How to minimise an onslaught of Christmas returns this January

  • Written by ZigZag founder Al Gerrie

As Christmas approaches, the importance of returns gets bigger and bigger for independent fashion retailers. While this time of year hopefully brings more sales, it also tends to cause a spike in the number of products returned to the store. Therefore, it’s essential for retailers to adopt a flexible, customer-centric approach to prepare for all possible outcomes, whether it’s a shopper purchasing multiple outfit options for the Christmas party to return all but one or parcels being damaged while in Santa’s sleigh. 

The festive season is often a make-or-break time for retailers of all shapes and sizes. However, it is especially critical for small businesses. The margins are tighter for companies operating one or two stores compared to big name brands with thousands of regular customers. From our recent research, we know that 84 per cent of shoppers check the returns policy before making a purchase and over half (53 per cent) have decided not to buy an item because they didn’t like the returns policy. So, the room for error with returns when you’re a small business is virtually non-existent.

First and foremost, communication with your customers is key. Establishing clear and easily accessible return policies on your website and social media platforms helps set expectations. Be transparent and make everything as visible as possible – don’t shy away from it. Clearly outline the returns window, conditions and any associated fees. A straightforward policy not only informs customers but also builds trust and demonstrates your commitment to the customer experience.

Similarly, leveraging technology is crucial for small businesses looking to streamline the returns process. Build a website that incorporates an intuitive and user-friendly returns portal. Ensure that customers can easily initiate returns, track the status of their return and receive timely updates. This will mean you spend less time handling the logistics of returns, allowing you to track stock and restock more quickly – freeing you up to drive more sales.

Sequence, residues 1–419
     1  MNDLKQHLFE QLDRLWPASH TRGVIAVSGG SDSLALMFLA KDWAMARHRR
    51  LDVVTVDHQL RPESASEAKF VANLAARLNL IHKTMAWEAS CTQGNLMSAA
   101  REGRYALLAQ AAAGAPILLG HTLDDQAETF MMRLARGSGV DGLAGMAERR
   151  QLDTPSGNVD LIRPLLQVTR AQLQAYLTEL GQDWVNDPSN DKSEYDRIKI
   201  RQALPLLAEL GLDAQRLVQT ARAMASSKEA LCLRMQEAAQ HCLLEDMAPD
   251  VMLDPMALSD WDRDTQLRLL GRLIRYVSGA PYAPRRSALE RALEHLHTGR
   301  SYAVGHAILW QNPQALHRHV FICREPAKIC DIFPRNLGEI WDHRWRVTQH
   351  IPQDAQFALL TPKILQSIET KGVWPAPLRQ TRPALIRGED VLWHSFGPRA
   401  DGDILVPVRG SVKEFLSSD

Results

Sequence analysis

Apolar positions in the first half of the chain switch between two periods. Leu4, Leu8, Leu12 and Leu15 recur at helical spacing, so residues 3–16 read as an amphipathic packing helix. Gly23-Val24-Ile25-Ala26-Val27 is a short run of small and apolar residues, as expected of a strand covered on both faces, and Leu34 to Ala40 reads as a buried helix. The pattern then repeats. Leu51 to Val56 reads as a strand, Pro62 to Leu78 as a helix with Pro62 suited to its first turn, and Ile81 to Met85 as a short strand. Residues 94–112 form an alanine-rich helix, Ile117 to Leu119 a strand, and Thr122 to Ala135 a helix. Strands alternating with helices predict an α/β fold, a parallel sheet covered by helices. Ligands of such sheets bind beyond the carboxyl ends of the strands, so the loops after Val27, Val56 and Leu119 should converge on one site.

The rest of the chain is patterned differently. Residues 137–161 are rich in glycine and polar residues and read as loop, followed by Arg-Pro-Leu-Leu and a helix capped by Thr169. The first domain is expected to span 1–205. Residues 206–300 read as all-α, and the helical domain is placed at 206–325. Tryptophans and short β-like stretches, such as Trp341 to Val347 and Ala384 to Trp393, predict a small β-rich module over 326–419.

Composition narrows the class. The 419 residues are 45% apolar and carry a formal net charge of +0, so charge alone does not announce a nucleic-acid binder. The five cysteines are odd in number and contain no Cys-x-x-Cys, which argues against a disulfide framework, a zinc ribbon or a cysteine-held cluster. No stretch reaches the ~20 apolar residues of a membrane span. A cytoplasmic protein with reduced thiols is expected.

For businesses selling on marketplace platforms like Trouva, maintaining a cohesive brand experience is crucial. Ensure that your product listings are accurate and provide comprehensive information. High-quality images, detailed descriptions and accurate sizing information can reduce the likelihood of customers receiving items that don’t meet their expectations.

We know that 45 per cent of UK shoppers buy multiple items with the intention of returning at least one; a phenomenon known as “wardrobing”. Ensuring consistent sizing will eliminate the number of wardrobers, and in turn, reduce the number of returns to help protect the bottom line. 

I’d also recommend implementing a post-purchase follow-up strategy. Personalised thank you emails or messages expressing gratitude for their holiday purchase go a long way in driving repeat purchase. Including helpful tips on product care and usage can also reduce the chances of returns due to misunderstandings or dissatisfaction.

Finally, there are now many more options than the traditional return that shoppers prefer and also help the retailer save the sale and retain the revenue. An impressive 83 per cent of shoppers said that they would be interested in a simple exchange solution and 57 per cent would be happy to accept a return to gift card. These alternatives to returns are growing in popularity with retailers and shoppers. Overall, offering convenience, flexibility and choice is the key to managing and driving lower return rates as well as fostering ongoing customer loyalty.

Al Gerrie founder and CEO for returns specialist ZigZag, which utilises the latest tech to transform the returns experience for global retailers;